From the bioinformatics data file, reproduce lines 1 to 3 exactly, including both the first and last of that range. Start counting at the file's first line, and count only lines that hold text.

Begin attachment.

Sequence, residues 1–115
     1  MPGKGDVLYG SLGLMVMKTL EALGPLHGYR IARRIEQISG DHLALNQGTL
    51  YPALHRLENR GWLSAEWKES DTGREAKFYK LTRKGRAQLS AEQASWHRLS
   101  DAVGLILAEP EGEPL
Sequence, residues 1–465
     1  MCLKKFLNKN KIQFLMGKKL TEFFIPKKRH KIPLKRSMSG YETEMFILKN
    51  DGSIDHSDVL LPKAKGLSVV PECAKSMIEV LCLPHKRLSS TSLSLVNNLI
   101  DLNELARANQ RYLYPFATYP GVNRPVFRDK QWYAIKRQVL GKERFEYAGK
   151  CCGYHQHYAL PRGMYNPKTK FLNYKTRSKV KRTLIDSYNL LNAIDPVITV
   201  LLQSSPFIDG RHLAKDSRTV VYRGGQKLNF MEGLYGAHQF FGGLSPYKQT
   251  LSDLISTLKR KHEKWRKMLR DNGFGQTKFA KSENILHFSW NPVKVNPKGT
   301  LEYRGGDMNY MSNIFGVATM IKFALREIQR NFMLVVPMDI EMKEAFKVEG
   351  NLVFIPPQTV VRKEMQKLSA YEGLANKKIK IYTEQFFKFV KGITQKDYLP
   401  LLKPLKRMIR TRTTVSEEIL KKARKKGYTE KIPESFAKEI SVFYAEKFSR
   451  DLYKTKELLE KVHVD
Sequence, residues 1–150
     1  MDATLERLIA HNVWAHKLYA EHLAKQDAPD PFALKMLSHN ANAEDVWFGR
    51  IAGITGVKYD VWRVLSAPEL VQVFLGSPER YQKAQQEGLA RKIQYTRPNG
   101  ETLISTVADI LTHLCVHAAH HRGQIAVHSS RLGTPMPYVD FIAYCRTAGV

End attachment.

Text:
Sequence, residues 1–115
     1  MPGKGDVLYG SLGLMVMKTL EALGPLHGYR IARRIEQISG DHLALNQGTL
    51  YPALHRLENR GWLSAEWKES DTGREAKFYK LTRKGRAQLS AEQASWHRLS